In all honesty, I think it would’ve been a mistake for August to take that role – therefore, I’m glad he didn’t. I think the ideal situation would’ve been to choose new faces; specifically, actors who have yet to be paired up with other guys on-screen. No matter how you look at it, BL shipping business is something you gotta be meticulous with. Once there’s an emotional attachment with one pairing, it can’t be messed with. That’s another reason why I think BL works well for television, the long-term investment gives viewers the ability to become more familiar with characters, getting to know them on a more human level. Waterboyy’s gratuitous sexual objectification being at the forefront detracts from that, in my opinion. So I can’t see that route working out well for Ngern and August if they’re made to be stock type characters in that sense, they already have enough going on for them that they can’t be flattened out now.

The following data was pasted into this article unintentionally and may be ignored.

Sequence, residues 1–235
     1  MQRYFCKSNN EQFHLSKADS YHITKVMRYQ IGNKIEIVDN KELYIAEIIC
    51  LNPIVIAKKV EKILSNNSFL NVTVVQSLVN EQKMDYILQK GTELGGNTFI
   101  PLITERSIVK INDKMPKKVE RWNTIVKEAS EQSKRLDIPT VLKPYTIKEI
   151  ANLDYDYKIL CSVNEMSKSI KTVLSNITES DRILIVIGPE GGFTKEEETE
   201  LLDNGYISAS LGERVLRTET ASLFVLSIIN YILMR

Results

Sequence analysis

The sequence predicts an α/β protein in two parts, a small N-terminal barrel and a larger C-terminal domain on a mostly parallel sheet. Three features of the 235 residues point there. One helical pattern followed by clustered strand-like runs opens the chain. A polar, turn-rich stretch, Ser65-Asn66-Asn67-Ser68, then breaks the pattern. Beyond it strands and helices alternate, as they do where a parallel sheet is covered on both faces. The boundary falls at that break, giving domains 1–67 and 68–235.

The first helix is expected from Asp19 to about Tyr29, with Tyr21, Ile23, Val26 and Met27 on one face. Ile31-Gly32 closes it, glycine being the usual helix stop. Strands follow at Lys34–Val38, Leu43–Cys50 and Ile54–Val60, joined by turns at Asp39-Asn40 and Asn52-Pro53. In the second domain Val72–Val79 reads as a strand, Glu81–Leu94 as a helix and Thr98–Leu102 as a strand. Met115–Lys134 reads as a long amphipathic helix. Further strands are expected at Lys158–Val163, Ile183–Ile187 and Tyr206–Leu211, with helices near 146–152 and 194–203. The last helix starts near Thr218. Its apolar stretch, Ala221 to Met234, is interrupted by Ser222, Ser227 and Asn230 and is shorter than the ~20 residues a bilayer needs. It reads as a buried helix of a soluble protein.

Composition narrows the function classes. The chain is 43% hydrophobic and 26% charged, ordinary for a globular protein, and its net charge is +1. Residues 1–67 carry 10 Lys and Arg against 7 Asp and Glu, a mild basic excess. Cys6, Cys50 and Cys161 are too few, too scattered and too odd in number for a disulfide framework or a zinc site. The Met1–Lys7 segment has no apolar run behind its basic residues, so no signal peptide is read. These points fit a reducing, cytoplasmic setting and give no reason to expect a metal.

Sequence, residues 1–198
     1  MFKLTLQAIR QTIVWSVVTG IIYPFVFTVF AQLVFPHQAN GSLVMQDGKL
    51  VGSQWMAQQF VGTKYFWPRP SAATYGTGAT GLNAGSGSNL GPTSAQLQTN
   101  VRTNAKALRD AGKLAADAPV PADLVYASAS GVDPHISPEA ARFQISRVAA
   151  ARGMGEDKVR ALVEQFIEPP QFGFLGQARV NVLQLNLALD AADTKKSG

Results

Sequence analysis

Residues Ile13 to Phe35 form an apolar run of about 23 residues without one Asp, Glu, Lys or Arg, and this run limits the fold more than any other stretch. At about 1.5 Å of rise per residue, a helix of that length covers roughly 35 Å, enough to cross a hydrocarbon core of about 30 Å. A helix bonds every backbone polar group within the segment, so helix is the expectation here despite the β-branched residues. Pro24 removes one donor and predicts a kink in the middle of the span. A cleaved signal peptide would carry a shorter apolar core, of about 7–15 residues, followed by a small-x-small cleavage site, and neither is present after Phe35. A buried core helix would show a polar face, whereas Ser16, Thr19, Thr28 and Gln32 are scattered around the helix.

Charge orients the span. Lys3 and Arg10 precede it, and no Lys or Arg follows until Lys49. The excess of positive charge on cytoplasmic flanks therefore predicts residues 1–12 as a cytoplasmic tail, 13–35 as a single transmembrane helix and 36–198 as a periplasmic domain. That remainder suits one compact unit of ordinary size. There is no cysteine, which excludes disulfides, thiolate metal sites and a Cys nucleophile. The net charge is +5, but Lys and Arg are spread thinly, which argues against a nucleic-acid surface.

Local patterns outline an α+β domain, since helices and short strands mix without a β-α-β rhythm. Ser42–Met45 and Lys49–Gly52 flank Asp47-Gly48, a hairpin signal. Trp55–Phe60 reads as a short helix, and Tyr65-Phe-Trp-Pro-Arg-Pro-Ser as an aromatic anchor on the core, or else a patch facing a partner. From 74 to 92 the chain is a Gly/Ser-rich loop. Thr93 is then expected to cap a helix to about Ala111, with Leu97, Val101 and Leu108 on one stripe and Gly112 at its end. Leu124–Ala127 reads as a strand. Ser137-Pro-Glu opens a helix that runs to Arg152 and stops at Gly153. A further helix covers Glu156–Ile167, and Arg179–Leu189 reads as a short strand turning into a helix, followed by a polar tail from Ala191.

– – –

Jed M.: This is just a hypothetical question but supposed Lovesick has a 3rd season (like Hormones), and that the main characters were Ngern and Pete. Would you watch it? Do you think they have enough fanbase to make the series viable? What sort of storyline would you prefer? Do you think having a triangle would suffice for the fans, or should they think of some other formula for the characters?

Vera P: Let’s begin by saying I would undoubtedly watch any of their prospective projects together, even if shot with a potato camera. Ngern and August already have a whole bunch of fans hooked on them thanks to their charm and chemistry, whether on-screen or off-screen, so I’m probably not the only one who feels that way.

Ngern and August as the BL couple in Love Sick (Season Two)

As for a hypothetical continuation of Lovesick with Earn and Pete as the main characters, I’d say my answer depends on how that would be executed. If that means more heavy censorship, excessive product placement, and an overall lack of interest in the story on the side of the creators – then I’d rather not see that come to light, to be honest. I’m still traumatized by the ending of their storyline in the series (in all of its fluorescent-lit, urine-filled glory. Yay).